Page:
Movies Update: ‘Judas and the Black Messiah’ and More

Plus, films for the lovers and haters of Valentine’s Day

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By Mekado Murphy

Movies Editor

Hey, movie fans!

This holiday weekend brings multiple movie options, from serious Oscar contenders to lighter pop confections. One of the biggest talkers is the William O’Neal/Fred Hampton biopic “Judas and the Black Messiah,” in theaters and streaming on HBO Max. Read A.O. Scott’s Critic’s Pick review to see why it should be on your list, then watch a narrated scene from the film and read an interview with its director, Shaka King. And if you want to brush up on the history of the film’s events, check out our explainer.

Also opening is the Critic’s Pick drama “Minari,” about a family of Korean immigrants who settle in rural Arkansas. Read an interview with its star, Steven Yeun, and read a discussion with the film’s director Lee Isaac Chung and several Asian-American filmmakers about navigating Hollywood.

On Netflix is “To All the Boys: Always and Forever,” the final installment of the teen romance trilogy. And on demand is the Kristen Wiig/Annie Mumolo comedy “Barb and Star Go to Vista Del Mar.” (Read an interview with the two.)

Excited about Valentine’s Day? Or ready for it to be over? Either way, we have a movie list for you. And if that’s not enough to keep you busy, try one of the dozen or so other films that are new this week.

Enjoy the movies and the holiday!



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Graham Bartholomew/STX Films

‘The Mauritanian’ Review: A Tale of Truth-Seeking

Tahar Rahim and Jodie Foster star in this dogged, uninvolving drama based on the story of Mohamedou Ould Slahi.

By Jeannette Catsoulis

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Katie Yu/Netflix

‘To All the Boys: Always and Forever’ Review: Love Sweet Love

This final installment of the Netflix rom-com trilogy is earnest, bright-eyed and without a hint of cynicism.

By Maya Phillips

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Cate Cameron/Lionsgate

‘Barb and Star Go to Vista Del Mar’ Review: Kitsch Fever Dream

The “Bridesmaids” writers Kristen Wiig and Annie Mumolo nix the raunch for an absurdist adventure complete with musical numbers, an evil underground lair, and a talking crab.

By Beatrice Loayza

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Lou Scamble/Sony Pictures Classics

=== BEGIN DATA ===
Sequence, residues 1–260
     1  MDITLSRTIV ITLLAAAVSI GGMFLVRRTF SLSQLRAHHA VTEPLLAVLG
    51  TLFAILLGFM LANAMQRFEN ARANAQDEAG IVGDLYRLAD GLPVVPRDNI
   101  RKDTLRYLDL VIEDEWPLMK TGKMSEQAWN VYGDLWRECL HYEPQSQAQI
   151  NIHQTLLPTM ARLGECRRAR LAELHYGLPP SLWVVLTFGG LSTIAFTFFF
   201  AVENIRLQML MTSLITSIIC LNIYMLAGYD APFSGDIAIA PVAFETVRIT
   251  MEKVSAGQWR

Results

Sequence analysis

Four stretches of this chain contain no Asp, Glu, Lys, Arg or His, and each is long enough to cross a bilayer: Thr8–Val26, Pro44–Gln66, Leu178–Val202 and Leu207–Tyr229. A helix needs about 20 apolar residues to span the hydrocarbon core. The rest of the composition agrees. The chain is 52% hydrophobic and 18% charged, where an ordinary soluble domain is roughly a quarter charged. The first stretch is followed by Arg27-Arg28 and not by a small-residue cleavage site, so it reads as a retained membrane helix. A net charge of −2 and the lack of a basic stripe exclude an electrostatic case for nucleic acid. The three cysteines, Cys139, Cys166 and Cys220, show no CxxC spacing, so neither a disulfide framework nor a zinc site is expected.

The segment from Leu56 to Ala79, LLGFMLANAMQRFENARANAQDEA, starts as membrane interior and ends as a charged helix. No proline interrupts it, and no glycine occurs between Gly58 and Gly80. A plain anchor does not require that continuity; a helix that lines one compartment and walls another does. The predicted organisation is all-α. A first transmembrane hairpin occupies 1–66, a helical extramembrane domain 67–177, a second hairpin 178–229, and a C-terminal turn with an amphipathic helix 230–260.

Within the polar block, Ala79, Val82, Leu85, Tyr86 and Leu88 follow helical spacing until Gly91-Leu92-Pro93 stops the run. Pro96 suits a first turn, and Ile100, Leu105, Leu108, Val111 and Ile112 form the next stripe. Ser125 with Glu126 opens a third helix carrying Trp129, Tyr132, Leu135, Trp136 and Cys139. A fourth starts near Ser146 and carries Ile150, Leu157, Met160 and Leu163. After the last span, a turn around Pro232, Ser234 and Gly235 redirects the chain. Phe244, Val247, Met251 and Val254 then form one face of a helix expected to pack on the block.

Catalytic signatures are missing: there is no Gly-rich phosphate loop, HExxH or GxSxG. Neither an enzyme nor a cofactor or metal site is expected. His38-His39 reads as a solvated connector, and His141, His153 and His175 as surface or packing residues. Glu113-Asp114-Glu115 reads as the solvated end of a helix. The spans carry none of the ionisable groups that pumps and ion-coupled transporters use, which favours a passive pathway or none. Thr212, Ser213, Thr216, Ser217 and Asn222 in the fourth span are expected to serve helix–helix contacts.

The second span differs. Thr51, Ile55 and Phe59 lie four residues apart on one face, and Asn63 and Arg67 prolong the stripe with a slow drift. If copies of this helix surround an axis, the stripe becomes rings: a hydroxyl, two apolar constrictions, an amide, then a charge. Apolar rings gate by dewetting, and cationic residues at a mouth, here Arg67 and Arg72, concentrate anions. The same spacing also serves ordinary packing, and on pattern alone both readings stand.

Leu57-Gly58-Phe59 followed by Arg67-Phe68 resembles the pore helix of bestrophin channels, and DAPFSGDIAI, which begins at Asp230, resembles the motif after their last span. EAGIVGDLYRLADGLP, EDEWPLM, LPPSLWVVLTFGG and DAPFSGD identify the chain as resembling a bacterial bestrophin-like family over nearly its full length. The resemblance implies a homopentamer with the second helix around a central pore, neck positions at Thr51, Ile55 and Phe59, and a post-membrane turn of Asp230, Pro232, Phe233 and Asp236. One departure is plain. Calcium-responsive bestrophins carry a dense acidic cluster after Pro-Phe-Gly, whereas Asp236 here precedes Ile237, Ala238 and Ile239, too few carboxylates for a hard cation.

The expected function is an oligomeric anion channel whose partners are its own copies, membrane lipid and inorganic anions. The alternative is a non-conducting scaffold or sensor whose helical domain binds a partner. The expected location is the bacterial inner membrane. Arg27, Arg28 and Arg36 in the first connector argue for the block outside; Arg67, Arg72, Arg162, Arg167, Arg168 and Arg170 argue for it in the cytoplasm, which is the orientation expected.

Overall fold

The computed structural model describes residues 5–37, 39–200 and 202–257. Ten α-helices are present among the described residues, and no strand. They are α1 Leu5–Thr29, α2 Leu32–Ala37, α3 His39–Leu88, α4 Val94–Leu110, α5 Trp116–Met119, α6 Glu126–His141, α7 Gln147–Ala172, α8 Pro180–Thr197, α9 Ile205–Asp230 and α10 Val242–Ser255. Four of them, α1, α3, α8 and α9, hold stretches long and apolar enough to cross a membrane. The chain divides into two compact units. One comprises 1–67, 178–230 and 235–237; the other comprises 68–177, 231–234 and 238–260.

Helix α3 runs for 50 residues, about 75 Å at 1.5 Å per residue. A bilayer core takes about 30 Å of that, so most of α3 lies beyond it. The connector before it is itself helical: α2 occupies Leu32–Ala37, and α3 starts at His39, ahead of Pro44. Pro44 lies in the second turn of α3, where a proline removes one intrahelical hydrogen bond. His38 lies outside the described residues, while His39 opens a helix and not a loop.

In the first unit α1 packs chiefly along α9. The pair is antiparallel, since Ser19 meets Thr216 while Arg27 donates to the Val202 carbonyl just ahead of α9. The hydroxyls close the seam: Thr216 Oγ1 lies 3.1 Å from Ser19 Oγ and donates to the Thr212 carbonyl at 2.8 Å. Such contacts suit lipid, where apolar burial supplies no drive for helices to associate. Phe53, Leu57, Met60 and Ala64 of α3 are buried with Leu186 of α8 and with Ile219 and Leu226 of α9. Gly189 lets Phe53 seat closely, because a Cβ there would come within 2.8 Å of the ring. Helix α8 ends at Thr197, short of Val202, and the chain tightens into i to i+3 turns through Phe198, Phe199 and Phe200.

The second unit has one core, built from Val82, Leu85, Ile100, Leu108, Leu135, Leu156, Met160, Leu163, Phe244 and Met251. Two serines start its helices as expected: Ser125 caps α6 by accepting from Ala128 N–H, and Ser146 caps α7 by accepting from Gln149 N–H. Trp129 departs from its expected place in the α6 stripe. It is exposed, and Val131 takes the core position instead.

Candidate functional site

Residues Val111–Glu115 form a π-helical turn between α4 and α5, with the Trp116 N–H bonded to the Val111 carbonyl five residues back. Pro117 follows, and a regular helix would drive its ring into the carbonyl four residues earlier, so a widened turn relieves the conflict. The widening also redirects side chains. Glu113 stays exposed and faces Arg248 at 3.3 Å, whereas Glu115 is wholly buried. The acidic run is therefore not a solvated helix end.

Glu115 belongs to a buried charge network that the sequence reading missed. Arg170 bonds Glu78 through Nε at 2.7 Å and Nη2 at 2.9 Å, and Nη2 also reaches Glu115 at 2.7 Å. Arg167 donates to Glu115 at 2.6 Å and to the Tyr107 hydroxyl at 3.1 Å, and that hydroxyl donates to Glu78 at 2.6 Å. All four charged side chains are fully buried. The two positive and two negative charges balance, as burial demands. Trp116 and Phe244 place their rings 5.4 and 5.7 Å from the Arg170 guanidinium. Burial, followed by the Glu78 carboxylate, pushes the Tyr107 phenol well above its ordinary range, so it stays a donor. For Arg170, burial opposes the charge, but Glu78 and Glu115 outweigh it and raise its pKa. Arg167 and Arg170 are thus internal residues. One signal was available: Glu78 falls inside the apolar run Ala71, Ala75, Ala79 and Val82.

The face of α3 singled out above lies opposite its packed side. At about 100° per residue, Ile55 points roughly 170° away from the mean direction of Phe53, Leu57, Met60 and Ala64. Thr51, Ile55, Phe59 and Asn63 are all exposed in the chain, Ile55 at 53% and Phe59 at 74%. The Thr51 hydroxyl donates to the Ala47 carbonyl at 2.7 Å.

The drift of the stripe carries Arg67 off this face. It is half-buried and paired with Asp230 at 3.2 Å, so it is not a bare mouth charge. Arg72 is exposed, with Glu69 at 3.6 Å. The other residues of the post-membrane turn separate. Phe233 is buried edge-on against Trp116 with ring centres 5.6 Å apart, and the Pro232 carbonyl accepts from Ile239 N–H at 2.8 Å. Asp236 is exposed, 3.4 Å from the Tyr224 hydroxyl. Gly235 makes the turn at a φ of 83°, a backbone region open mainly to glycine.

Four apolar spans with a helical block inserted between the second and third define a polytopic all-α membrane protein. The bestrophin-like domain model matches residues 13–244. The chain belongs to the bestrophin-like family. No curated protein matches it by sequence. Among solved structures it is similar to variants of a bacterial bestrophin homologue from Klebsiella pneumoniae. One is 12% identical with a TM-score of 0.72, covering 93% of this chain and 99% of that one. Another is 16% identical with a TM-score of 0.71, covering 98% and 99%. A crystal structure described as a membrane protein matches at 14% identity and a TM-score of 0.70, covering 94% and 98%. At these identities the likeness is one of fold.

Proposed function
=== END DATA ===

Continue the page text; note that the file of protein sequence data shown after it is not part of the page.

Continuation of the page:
‘French Exit’ Review: A Not-So-Merry Widow

Michelle Pfeiffer is sensational as a newly insolvent socialite in this strange, sad comedy.

By Jeannette Catsoulis

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Federico Cesca/Mubi

‘Dead Pigs’ Review: Tales of Class and Corruption

Cathy Yan’s film weaves together a colorful confection of stories set amid the corruption and class inequities of modern-day China.

By Devika Girish

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American Film Foundation/Virgil Films

‘Ruth: Justice Ginsburg in Her Own Words’ Review: Still Notorious

This documentary puts her words front and center, relying on clips to provide a sweeping view of her ideals.

By Ben Kenigsberg

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Merrick Morton/Vertical Entertainment

‘Music’ Review: A Woefully Misguided View of Disability

The pop star Sia’s feature directorial debut, about an autistic teenager, at times seems indistinguishable from mockery.

By Teo Bugbee

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‘There Is No “I” in Threesome’ Review: Monogamy Alternatives

A director and his fiancée chronicle their yearlong open relationship in this documentary that offers a clever examination of perspective.

By Natalia Winkelman



A Vision of Asian-American Cinema That Questions the Very Premise

Lulu Wang, Lee Isaac Chung, Bing Liu, Alan Yang, Justin Chon, Sandi Tan and Mira Nair talk forthrightly about staying true to themselves while navigating Hollywood and issues of identity.

By Brandon Yu and Justin J Wee

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The Golden Globes Celebrated Sia’s ‘Music.’ Autistic Activists Wish They Hadn’t.

Three decades after “Rain Man,” detractors say this new film about an autistic character is regressive and potentially harmful.

By Ashley Spencer

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Shaka King Goes to Hollywood

How the “Judas and the Black Messiah” filmmaker went from outsider to trailblazer with a studio movie about the Black Panther leader Fred Hampton.

By Reggie Ugwu

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Kristen Wiig and Annie Mumolo on ‘Bridesmaids’ and ‘Barb and Star Go to Vista Del Mar’

The friends, confidants and collaborators explain why it took more than a decade between films and why Jamie Dornan is their dream co-star.

By Dave Itzkoff

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